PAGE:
** Yeah, that’s what a lot of guys with missing finger tips said about using their table saw without the guards back before they got the nickname “stubby.” Assuming your hand position and movement are infallible is dangerous. For example, my coordination in walking is nearly infallible – I rarely trip. But that doesn’t mean I think it can’t possibly happen.

    My safety practice with nearly all tools is to avoid whenever possible getting into a situation where the directions of force being employed would ever lead my body into the cutters.
    ** Yeah, no argument there.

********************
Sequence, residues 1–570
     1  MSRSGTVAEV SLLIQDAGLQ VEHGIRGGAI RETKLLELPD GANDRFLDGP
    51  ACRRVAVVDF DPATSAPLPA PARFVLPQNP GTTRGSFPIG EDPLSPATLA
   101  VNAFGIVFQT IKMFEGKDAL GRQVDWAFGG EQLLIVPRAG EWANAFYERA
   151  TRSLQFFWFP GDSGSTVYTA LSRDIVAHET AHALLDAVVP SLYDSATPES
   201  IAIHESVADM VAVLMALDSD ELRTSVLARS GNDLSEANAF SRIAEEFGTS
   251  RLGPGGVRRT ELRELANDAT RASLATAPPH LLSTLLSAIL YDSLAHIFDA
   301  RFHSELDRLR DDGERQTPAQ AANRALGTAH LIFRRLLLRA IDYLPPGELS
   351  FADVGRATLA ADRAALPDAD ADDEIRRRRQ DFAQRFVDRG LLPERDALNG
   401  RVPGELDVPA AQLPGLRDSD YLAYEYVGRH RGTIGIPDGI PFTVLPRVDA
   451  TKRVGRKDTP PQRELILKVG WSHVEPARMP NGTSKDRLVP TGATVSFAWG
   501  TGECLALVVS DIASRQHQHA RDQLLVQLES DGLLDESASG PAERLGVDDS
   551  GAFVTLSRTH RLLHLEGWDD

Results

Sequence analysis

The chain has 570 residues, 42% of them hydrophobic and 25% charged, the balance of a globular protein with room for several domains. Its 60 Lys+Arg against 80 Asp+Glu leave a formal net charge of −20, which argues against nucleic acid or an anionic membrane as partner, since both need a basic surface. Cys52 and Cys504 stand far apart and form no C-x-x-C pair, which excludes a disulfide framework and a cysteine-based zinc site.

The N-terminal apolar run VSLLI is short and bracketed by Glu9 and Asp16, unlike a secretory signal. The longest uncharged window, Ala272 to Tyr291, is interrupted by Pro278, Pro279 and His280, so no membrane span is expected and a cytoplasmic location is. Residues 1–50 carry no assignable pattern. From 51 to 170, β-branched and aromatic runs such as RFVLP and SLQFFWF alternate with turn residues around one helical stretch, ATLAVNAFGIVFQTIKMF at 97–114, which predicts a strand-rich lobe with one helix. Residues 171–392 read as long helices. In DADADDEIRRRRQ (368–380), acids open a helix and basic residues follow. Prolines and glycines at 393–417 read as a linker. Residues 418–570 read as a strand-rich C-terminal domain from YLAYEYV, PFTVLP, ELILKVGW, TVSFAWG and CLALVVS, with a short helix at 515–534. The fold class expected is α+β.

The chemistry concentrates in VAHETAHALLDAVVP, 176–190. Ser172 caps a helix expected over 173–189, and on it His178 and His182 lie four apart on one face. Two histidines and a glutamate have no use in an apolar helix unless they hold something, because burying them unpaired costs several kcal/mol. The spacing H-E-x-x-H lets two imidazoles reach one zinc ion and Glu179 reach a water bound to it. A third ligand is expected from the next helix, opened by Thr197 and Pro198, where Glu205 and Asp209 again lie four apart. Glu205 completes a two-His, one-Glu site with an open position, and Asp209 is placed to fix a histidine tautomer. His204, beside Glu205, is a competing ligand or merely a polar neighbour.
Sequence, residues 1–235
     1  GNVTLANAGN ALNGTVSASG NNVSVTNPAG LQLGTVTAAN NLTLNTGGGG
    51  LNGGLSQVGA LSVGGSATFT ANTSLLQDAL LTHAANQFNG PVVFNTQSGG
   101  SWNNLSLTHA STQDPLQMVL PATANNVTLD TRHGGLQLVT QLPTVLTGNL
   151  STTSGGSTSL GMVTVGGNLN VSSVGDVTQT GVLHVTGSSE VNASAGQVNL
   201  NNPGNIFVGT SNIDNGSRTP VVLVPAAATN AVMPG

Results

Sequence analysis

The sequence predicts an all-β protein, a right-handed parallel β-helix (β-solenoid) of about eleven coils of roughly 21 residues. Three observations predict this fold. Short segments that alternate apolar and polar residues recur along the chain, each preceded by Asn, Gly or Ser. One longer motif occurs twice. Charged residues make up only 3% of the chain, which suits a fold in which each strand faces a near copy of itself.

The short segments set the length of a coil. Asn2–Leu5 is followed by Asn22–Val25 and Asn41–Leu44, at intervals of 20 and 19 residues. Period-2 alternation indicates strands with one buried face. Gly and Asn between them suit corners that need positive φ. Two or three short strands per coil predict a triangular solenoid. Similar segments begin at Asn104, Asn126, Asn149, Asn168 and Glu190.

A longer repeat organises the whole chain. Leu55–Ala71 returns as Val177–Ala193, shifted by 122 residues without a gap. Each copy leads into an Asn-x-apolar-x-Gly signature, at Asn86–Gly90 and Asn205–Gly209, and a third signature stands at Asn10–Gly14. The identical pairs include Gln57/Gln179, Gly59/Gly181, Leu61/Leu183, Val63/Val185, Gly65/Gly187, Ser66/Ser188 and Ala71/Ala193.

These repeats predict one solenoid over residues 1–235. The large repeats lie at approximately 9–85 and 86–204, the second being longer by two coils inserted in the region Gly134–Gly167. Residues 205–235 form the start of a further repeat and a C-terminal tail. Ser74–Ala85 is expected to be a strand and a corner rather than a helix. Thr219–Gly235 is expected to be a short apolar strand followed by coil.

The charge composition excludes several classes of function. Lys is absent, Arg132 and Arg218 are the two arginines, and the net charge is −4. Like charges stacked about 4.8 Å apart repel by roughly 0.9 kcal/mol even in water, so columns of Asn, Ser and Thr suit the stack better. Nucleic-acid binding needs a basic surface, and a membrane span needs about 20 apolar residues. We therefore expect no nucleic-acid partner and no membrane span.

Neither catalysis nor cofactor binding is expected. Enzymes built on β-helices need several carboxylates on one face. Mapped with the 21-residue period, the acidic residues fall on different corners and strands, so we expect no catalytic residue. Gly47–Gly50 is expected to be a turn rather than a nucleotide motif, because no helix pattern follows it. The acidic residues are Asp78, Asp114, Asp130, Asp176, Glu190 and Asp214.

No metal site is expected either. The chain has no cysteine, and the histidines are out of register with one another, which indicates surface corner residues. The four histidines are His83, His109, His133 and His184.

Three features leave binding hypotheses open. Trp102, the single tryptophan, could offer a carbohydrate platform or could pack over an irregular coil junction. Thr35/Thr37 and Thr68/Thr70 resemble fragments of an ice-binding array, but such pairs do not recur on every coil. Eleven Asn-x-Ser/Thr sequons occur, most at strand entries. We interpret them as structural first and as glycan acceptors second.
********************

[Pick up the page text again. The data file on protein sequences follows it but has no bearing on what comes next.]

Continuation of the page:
This is the reason that so many cuts on a bandsaw or tablesaw, for instance, can be done without any need for pushsticks.
    ** Yup.

    By way of illustration, look at the process of ripping 8-inches off an 18-inch wide piece at the bandsaw. Would you use pushsticks for this operation, or would your body and hand positioning and movement be such that the addition of pushsticks would decrease your control without adding any real degree of safety to the process?
    ** I don’t see this example as analogous to the jointer. What if we take that 18" wide stock and turn it on it’s side to resaw it (we’ll assume it’s 5/4 thick). That seems closer to the jointer scenario to me. And I can see arguments that because you can conceivable finish the cut by pulling the stock through, rather than pushing it, no blocks or sticks are necessary. I would agree that it can be a matter of preferred technique and experience, but both ways can be reasonably safe and equally effective.